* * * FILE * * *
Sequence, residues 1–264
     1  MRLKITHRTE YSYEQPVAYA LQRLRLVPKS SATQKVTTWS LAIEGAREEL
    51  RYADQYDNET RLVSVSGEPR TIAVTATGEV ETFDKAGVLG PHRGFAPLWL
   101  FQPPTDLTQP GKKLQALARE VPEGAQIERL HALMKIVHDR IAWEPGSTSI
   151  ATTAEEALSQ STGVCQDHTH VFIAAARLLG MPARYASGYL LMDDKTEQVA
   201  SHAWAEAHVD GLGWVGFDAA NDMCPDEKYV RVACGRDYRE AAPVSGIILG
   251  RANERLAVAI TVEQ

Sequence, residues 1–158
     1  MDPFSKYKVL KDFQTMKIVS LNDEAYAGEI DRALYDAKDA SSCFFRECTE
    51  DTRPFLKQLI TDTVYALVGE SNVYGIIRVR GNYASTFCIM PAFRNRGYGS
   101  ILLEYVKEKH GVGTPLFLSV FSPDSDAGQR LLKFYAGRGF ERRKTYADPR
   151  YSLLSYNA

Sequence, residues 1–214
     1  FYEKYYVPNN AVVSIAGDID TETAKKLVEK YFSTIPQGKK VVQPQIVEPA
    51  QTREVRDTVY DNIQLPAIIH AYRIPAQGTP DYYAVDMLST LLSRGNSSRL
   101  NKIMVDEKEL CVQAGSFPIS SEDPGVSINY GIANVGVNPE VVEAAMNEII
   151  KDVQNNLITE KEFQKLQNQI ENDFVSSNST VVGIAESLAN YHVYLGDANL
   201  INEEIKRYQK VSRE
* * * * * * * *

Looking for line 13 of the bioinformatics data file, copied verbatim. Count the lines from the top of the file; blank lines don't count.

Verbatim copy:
Sequence, residues 1–214